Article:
I often forget about reblogging. This is a post by a former student (who’s gone on to do some great things in her young writing career) that I found very helpful in thinking about new ways to make use of Twitter for writers. We got into a discussion of Twitter lists, which got me started collecting lists of magazines, magazine resources, and writers. Not only does this help me organize my Twitter feed and see more of what I want to see when I want to see it, but since people can subscribe to my list (or I could subscribe to yours), they could see what’s tweeted on my list. My next project is to hunt for some similar lists and subscribe. Who knows what I might discover. After following New Pages, Duotrope, and a number of literary magazines of interest, I’ve seen some cool announcements of open submission periods and found a few new lit mags I want to keep an eye on. Thanks again, Christy, for the original suggestions.
If you’re anything like me, you set up a Twitter account when it was just reaching popularity in 2008-2009. You followed the short list of your friends who had a Twitter account. Then, for funsies you followed a few starlets just to add to your following list and to be trendy (I’ve followed Ellen DeGeneres since day one). If any of this rings true for you, then you (bored and let down) may also have left your Twitter account stagnant for the next four years. This was certainly my Twitter story.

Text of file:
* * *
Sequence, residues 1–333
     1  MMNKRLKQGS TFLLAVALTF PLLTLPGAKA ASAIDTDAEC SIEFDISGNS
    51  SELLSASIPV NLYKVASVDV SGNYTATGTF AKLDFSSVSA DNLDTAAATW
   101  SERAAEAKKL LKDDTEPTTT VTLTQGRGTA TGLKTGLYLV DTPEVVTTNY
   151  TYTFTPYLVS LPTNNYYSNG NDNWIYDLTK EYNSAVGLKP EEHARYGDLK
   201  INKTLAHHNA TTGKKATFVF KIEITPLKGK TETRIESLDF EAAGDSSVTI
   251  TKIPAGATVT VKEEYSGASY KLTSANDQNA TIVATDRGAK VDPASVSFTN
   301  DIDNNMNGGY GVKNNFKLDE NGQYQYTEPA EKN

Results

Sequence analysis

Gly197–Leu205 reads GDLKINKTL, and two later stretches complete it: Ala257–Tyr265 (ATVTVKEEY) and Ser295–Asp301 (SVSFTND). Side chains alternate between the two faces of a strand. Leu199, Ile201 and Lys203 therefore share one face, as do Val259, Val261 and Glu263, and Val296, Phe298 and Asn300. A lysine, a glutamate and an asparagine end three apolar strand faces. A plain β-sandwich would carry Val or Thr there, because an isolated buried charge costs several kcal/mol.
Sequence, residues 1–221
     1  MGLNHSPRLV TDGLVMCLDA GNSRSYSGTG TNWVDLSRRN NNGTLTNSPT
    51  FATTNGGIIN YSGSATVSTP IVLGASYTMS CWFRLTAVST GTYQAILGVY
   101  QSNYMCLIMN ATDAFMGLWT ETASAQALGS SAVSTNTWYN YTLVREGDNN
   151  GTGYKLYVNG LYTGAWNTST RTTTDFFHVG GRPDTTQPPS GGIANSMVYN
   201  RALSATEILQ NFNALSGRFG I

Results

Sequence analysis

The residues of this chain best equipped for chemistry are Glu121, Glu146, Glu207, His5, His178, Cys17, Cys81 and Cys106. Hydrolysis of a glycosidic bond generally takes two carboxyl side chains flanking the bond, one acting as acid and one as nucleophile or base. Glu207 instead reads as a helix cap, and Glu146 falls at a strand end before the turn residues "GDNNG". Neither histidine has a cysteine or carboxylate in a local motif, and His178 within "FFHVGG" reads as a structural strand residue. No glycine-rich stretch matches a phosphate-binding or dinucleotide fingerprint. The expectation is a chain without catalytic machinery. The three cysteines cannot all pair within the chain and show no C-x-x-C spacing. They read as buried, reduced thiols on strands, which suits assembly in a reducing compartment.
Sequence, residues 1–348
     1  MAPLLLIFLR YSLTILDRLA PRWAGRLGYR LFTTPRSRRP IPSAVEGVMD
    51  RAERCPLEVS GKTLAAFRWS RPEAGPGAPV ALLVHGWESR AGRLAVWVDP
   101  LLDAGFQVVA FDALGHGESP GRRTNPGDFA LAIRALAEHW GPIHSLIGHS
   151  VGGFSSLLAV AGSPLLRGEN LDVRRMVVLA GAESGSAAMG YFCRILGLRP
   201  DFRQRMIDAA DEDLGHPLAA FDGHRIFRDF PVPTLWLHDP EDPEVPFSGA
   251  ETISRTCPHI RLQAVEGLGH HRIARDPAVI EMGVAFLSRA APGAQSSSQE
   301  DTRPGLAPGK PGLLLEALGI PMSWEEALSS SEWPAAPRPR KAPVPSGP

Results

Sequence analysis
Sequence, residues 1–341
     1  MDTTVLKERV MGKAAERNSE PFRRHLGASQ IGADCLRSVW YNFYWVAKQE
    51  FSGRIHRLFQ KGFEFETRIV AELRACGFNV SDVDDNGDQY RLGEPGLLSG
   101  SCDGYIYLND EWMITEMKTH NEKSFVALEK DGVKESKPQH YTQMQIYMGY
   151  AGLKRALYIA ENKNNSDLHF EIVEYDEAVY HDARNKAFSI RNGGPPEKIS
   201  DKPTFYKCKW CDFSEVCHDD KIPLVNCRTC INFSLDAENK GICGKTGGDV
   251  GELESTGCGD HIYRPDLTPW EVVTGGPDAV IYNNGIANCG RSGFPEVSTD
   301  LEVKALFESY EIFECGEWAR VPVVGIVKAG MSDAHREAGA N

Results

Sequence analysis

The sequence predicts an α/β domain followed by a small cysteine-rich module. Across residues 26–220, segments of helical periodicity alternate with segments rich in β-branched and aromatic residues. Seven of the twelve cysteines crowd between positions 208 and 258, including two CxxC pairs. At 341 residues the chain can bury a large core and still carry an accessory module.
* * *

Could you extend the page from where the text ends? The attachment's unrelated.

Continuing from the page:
Just last year, I realized what millions of Americans already knew about this social medium. For some people, 3,000 of your closest friends are on Twitter, and for you, this is why Twitter matters. For the rest of us, finding a niche for your account is vital to its usefulness. For years, I already had a niche – writing…
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